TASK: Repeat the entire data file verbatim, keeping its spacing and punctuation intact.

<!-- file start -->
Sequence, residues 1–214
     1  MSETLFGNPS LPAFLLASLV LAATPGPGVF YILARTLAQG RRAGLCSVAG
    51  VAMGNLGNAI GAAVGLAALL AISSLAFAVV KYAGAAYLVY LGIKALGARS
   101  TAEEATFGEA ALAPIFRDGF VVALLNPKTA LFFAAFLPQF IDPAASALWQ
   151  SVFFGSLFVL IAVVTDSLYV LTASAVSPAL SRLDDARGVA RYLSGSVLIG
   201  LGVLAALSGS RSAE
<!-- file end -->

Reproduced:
Sequence, residues 1–214
     1  MSETLFGNPS LPAFLLASLV LAATPGPGVF YILARTLAQG RRAGLCSVAG
    51  VAMGNLGNAI GAAVGLAALL AISSLAFAVV KYAGAAYLVY LGIKALGARS
   101  TAEEATFGEA ALAPIFRDGF VVALLNPKTA LFFAAFLPQF IDPAASALWQ
   151  SVFFGSLFVL IAVVTDSLYV LTASAVSPAL SRLDDARGVA RYLSGSVLIG
   201  LGVLAALSGS RSAE